CSC 153 Grinnell College Spring, 2005
Computer Science Fundamentals
Laboratory Exercise

Getting Started


The following sections of this lab provide practice with material discussed in the reading for this laboratory exercise.

As noted in the reading, you may already be familiar with some of the mechanics given here, since you have already programmed in some language on some computer system. However, you should work through these steps completely (even if quickly) to be sure there are no surprises. When you get to the material in Scheme, be sure you understand each result before going on.

Logging In and Out

When logging into MathLAn, you will want the system to use the GNOME user interface for your account.

  1. You should follow these steps the first time you log in.

Mozilla Firefox

Once logged in, you should open the Mozilla Firefox browser.

Note that details for the following outline are given in the reading for this laboratory exercise.

  1. Open the Mozilla Foxfire browser by clicking on the Foxfire icon (the picture with a fox at the bottom panel of the screen).

  2. If this is your first time running Mozilla Foxfire on MathLAN, you may encounter two message boxes, asking your consent to the Firefox licensing agreeement and requesting permission to create some configuration files in your home directory. You should approve both of these requests by clicking on the appropriate response box.

  3. Initially, Foxfire should show this department's origin page:
    Examine the course listings on the left to find the home page for this course.

  4. Use the Bookmarks option at the top of the browser to Bookmark This Page for future reference.

The Terminal Window

  1. After logging in, open a terminal window by moving the mouse onto the small monitor icon on the bottom row of the front panel, and clicking with the left mouse button.

    Close the terminal window by typing <Ctrl/d> at the prompt.

Changing Your Password

  1. Unless you have done so recently, change your password by typing password in a terminal window and following the prompts that follow.

Running Scheme:

  1. Run Scheme by typing scheme (all in lower-case letters) in a terminal window. This will result in the following response:

    Chez Scheme Version 5.9i
    Copyright (c) 1998 Cadence Research Systems

    where > is the prompt where you will type your programming instructions.

  2. Practice shutting down Scheme by pressing <Ctrl/d> at the Scheme prompt.

  3. Start Scheme again, and press <Ctrl/d> twice.
    What happens? Why?

Working within Scheme

Experiment with numbers in Scheme.

  1. Integers: At the Scheme prompt, type several integers, such as
    In each case, note how Chez Scheme responds.

  2. Fractions: Determine what happens when you enter a fraction. For example, what value is returned when you enter:
    How many digits are printed in the answer for rational numbers?

  3. Enter several real or floating point numbers, such as

  4. Accuracy: Enter several numbers with many digits. How many digits are printed in the answer for integers? For reals?

  5. Numeric Procedures: In Scheme, all operation names are listed as the first component within the parentheses, so (f x) is typed to represent the functional value f(x). Observe what happens when you type the following operations into Scheme:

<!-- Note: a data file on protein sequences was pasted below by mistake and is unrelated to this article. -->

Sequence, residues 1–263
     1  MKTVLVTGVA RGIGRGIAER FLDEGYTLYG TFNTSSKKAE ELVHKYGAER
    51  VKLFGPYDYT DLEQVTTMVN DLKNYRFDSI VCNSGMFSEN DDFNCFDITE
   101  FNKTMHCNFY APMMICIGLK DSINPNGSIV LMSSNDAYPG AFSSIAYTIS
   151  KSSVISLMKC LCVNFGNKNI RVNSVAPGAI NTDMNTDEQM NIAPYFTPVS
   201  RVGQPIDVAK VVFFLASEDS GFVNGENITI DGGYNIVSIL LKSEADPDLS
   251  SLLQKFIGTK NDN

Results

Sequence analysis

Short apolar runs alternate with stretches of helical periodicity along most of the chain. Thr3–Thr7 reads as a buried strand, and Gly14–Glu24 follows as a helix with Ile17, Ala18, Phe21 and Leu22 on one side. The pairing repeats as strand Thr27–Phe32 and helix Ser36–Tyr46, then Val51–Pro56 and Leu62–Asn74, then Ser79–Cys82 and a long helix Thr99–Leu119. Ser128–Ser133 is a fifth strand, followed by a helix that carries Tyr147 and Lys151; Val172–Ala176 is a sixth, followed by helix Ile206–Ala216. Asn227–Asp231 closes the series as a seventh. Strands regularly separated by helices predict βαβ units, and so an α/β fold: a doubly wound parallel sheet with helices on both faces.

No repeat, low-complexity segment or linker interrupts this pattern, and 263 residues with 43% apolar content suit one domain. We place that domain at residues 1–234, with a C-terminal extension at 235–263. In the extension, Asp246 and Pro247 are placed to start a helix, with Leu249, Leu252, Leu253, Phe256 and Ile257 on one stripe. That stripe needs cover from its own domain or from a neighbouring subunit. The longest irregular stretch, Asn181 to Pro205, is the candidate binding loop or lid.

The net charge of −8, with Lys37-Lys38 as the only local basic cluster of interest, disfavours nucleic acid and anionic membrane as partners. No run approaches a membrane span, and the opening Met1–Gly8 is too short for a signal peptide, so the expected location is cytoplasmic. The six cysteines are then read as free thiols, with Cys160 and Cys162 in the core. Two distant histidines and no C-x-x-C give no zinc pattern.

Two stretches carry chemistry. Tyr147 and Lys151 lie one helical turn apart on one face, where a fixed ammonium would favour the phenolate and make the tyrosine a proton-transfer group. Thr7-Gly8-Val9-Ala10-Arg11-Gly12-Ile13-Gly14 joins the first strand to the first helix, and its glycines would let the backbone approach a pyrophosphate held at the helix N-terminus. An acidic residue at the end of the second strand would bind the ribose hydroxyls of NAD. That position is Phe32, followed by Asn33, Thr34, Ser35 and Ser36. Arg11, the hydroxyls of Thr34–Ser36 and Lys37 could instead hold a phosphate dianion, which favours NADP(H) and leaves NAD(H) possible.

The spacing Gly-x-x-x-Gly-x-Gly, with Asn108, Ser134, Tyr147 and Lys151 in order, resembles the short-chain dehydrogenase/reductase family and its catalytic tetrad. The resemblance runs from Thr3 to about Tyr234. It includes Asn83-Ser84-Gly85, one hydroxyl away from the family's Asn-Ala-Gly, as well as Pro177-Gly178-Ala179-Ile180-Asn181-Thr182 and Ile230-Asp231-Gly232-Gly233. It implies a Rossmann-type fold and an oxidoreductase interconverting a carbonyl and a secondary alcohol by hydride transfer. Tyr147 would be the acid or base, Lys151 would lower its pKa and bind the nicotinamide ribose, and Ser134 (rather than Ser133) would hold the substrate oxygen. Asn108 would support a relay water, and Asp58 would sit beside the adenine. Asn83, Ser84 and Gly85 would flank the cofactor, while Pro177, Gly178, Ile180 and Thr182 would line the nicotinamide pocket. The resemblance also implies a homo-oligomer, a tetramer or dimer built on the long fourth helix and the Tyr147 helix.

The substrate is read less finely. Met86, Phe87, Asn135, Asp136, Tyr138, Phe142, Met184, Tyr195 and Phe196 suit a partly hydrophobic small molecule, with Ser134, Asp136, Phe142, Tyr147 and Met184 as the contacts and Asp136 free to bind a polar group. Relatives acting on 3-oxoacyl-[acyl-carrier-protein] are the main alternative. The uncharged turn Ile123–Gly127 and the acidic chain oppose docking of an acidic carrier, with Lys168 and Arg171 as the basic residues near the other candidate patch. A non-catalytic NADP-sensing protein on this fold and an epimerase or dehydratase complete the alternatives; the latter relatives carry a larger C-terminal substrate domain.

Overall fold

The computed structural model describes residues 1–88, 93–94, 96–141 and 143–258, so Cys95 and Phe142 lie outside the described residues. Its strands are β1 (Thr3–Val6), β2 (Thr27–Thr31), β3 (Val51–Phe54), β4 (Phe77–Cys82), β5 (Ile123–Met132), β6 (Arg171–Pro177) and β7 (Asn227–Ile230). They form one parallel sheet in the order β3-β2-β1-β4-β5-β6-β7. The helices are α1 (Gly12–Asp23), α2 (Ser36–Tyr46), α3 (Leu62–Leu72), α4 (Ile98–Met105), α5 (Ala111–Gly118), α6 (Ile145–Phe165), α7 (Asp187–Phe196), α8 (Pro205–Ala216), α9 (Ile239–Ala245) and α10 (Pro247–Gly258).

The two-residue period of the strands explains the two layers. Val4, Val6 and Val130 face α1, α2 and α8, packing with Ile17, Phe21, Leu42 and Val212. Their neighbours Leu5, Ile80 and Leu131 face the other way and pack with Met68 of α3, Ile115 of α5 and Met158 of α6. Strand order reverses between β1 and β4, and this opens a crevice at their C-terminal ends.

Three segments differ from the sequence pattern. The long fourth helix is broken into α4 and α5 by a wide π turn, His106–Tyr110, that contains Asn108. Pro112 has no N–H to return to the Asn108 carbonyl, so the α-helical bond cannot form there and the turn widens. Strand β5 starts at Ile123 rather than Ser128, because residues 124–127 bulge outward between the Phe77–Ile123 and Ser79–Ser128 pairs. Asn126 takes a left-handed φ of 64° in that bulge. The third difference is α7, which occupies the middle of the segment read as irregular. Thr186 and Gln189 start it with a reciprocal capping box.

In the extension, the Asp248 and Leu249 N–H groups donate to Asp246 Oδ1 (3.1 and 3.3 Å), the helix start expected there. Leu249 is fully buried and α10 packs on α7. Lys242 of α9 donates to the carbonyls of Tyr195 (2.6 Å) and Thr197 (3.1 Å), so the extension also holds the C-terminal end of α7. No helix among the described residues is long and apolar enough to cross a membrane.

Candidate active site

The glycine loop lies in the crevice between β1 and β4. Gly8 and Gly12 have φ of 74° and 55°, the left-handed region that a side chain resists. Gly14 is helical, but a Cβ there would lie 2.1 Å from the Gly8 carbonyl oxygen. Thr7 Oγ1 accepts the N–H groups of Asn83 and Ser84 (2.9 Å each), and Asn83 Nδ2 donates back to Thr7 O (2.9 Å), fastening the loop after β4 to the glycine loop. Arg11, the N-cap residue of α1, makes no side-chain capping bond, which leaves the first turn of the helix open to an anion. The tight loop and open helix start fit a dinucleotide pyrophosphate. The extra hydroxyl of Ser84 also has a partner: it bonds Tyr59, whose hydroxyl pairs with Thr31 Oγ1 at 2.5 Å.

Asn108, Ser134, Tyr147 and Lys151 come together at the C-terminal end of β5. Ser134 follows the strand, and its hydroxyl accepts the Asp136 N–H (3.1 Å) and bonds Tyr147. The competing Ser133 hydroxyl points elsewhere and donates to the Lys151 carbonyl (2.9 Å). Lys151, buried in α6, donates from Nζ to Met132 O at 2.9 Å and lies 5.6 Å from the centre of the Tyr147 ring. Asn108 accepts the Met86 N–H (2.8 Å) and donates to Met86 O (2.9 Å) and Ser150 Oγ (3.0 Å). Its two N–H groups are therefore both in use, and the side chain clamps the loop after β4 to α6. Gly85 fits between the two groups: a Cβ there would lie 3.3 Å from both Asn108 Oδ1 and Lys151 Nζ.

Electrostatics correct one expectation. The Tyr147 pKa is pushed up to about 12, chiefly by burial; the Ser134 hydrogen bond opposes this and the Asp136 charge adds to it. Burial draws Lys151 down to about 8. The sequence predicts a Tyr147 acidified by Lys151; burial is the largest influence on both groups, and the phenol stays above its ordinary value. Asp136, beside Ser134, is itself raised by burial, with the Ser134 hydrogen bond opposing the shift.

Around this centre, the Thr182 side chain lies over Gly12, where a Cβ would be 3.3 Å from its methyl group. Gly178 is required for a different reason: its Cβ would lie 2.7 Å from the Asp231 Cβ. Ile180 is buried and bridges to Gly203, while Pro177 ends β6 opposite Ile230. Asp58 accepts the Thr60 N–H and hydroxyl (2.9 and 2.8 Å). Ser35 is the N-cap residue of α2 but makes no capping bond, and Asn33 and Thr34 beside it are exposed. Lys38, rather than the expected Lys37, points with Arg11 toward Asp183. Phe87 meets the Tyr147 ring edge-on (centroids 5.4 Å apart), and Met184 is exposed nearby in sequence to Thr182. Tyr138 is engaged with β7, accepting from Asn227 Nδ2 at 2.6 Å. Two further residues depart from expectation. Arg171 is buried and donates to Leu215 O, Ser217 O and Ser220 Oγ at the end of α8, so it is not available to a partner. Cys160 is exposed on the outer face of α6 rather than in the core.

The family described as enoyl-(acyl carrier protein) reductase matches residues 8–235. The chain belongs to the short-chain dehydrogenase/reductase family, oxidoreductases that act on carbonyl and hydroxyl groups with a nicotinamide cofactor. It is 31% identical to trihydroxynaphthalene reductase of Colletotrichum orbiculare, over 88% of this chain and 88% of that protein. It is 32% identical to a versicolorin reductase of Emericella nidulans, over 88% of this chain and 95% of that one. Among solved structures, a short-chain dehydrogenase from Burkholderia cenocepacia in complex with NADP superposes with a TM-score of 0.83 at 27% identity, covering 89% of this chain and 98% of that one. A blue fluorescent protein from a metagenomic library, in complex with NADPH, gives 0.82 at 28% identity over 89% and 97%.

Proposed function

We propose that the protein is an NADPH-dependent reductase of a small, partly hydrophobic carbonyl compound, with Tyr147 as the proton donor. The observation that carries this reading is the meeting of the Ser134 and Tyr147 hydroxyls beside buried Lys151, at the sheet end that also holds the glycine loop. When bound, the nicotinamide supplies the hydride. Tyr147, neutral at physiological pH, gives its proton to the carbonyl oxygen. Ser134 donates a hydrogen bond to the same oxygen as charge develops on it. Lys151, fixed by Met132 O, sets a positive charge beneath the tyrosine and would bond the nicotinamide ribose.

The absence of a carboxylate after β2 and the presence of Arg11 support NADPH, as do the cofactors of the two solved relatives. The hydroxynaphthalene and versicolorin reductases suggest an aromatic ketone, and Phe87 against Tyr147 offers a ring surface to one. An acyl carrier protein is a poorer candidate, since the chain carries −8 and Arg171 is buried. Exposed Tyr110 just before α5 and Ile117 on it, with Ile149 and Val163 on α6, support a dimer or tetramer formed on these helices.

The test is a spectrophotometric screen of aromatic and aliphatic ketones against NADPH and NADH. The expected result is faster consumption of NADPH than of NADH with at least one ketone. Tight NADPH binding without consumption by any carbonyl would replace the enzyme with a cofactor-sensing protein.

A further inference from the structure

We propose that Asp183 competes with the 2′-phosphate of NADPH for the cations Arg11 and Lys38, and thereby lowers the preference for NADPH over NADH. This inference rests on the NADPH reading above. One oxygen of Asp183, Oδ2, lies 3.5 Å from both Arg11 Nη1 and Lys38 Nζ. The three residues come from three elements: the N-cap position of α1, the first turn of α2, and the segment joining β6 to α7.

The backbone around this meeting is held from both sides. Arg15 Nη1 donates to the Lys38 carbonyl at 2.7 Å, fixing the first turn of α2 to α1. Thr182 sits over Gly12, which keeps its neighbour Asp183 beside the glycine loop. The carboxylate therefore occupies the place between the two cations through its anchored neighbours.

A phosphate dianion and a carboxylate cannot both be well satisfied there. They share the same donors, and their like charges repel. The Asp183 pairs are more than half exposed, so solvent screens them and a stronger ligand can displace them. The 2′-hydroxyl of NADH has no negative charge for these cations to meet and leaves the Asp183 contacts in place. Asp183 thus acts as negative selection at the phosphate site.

(- 27 3)
        (/ 17 2)
        (/ 17 -2)
        (/ 17 2.0)
        (truncate (/ 17 4))
        (modulo 17 3)
        (sqrt 4)
        (sin 0.5)
        (sqrt -2)
        (+ (* 3 2) (/ 8 4))

    Do any of your results from these experience suggest other types of numbers that are available within Scheme (beyond integers, rational numbers, and floating-point numbers)? Explain briefly.

  6. Symbols: Consider the symbols TwoBeOrNot2Be and This-is-a-symbol. Describe what happens when you type one of the above symbols into Scheme.

  7. Give the symbol pi the value 3.141592 as follows:
         (define pi 3.141592)
    Now enter pi into Scheme and determine what happens.

  8. Check if work with symbols within Chez Scheme is case sensitive. What happens if you type Pi or PI.

  9. Check whether Scheme allows you to redefine the value of a symbol. For example, following the 1897 Indiana House, try to declare that the value of pi is three:
         (define pi 3)
    Now what happens if you type the symbol pi?

  10. Determine what happens if you make a typographical error. For example, try misspelling define or leaving out a left or right parentheses. In each case, make a note describing what happens.

  11. Binding: Consider the following sequence of definitions:
       (define a 4)
       (define b 5)
       (define c 1)
       (define discriminant 
             (- (* b b) (* 4 (* a c))))
       (define root1
             (/ (+ (- b) (sqrt discriminant))
                (* 2 a)))
       (define root2
             (/ (- (- b) (sqrt discriminant))
                (* 2 a)))
    Determine the values for a, b, c, discriminant, root1, and root2 .

  12. Continue the previous problem by changing the values of a, b, and c. Are the values of discriminant, root1 and root2 changed immediately, or do these symbols have their earlier values?

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created December 29, 1996 by John David Stone
last revised January 22, 2005 by Henry M. Walker
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